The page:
Fred prompts tropical storm warning for Florida Panhandle; heavy rains, dangerous storm surge expected

Fred prompts tropical storm warning for Florida Panhandle; heavy rains, dangerous storm surge expected

August 16, 2021

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Tropical Storm Fred is moving across the Gulf of Mexico toward the Florida Panhandle early Monday where it is expected to bring heavy rainfall and a dangerous storm surge.

A tropical storm warning is in effect for a part of the Florida Panhandle from Navarre to the Wakulla/Jefferson County line, which means tropical storm conditions are expected somewhere within the warning area in the next 24 hours, according to the National Hurricane Center (NHC).

A storm surge warning is also in effect for the coast of the Florida Panhandle from Indian Pass to Yankeetown.

Tropical Storm Fred on August 16, 2021. (NOAA NWS National Hurricane Center)

As of 4 a.m. Monday, Fred was about 160 miles south of Panama City, Florida, with maximum sustained winds of 50 mph, according to the NHC. The storm was moving north at 9 mph. 

“On the forecast track, the center of Fred should move across thenortheastern Gulf of Mexico today, and make landfall in the western Florida Panhandle this afternoon or early evening,” the NHC said. 

Through Tuesday, the storm is expected to produce heavy rainfall, which could lead to flooding across the southeast, and parts of southern Florida — as well as the state’s Big Bend and Panhandle regions. Flooding may also occur in southeast Alabama, parts of Georgia, and the western Carolinas. 

In anticipation of Fred, Florida Gov. Ron DeSantis declared a state of emergency for the state’s Panhandle region. 

On Saturday, Alabama Gov. Kay Ivey issued a statement saying her administration was monitoring the weather and “will be ready to act from the state level if needed.”

Ivey’s statement was made on the same day that Fred was downgraded to a tropical wave – prior to it regaining tropical storm status. Tropical waves can contain winds and heavy rain, but do not circulate around a center point or an “eye” like a tropical storm or hurricane.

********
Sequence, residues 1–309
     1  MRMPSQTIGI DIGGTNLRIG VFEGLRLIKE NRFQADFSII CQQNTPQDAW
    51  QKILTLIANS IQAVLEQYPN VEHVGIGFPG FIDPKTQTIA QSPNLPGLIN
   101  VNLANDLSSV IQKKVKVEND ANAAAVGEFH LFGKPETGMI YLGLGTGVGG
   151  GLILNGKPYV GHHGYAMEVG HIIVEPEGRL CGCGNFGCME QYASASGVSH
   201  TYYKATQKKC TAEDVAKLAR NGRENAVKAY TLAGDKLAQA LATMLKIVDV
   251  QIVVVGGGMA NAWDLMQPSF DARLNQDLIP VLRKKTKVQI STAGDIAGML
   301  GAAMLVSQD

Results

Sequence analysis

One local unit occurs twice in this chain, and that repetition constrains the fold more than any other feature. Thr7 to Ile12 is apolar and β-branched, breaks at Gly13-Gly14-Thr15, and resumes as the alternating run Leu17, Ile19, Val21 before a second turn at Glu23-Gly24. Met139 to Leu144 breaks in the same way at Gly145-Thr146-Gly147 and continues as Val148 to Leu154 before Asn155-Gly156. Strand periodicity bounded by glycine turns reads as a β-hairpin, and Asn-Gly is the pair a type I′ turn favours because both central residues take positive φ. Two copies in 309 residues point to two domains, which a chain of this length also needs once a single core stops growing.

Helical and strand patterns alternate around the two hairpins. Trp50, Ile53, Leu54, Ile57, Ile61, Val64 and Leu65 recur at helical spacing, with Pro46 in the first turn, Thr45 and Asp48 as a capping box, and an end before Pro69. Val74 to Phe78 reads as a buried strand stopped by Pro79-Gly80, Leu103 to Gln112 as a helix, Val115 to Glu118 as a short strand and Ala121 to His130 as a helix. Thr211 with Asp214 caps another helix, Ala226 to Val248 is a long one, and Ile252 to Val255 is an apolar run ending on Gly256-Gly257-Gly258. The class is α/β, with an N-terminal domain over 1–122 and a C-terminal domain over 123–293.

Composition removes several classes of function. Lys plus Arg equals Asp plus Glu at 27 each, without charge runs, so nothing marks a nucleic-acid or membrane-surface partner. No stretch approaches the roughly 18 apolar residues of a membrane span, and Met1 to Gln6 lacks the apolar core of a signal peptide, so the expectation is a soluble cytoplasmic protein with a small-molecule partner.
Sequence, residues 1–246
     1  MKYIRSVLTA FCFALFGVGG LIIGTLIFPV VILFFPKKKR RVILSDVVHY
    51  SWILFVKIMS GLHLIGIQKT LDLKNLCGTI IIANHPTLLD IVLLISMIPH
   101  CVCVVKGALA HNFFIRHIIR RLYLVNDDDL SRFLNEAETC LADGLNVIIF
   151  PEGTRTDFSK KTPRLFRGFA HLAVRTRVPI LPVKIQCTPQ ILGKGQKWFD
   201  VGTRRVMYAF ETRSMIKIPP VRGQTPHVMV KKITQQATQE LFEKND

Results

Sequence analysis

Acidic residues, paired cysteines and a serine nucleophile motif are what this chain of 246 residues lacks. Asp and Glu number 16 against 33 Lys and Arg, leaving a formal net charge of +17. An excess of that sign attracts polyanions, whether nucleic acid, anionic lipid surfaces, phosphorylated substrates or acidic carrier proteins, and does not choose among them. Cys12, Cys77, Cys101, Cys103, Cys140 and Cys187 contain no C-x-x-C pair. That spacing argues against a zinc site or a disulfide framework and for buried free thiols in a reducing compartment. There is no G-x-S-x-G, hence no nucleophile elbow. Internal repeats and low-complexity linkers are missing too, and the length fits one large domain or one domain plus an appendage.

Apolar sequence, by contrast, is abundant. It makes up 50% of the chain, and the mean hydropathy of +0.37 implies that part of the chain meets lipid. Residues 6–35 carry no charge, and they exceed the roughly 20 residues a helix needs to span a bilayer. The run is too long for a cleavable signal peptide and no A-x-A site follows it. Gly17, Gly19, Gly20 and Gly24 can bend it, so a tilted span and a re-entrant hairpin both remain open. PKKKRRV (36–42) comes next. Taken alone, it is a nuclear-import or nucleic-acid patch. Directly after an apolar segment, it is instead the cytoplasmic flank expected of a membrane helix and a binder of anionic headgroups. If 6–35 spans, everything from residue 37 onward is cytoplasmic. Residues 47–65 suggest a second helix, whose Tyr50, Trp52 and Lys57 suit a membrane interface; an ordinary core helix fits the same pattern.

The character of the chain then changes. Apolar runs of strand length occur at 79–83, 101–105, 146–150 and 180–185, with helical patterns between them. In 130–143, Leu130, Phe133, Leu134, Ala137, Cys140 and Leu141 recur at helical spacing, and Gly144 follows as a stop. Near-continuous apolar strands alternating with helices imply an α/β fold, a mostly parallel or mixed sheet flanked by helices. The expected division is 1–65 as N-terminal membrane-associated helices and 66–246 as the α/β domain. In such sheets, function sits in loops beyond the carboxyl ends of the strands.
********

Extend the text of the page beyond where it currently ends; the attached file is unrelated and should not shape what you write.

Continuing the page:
Meanwhile, Grace was demoted to a tropical depression after its sustained winds fell to 35 mph – below the 39 mph threshold for a tropical storm. As of 5 a.m. Monday, Grace was located about 160 miles east-southeast of Port Au Prince, Haiti, and was moving west at 15 mph, according to the NHC.

Grace prompted tropical storm warnings for Puerto Rico and the Virgin Islands. Those warnings were discontinued, but a tropical storm watch remains in effect for the entire coasts of the Dominican Republic and Haiti, where rainfall totals around 4 to 8 inches were forecast through Tuesday. 

Fred was forecast to bring roughly the same amount of rainfall to the Big Bend of Florida and the Panhandle.

A tropical storm earlier in the week, Fred had weakened to a depression by its spin over Haiti and the Dominican Republic, where it knocked out power to some 400,000 customers and caused flooding that forced officials to shut part of the country’s aqueduct system, interrupting water service for hundreds of thousands of people. 

Local officials reported hundreds of people were evacuated and some buildings were damaged. A 7.2 magnitude earthquake also struck Haiti on Saturday.

The Associated Press contributed to this report

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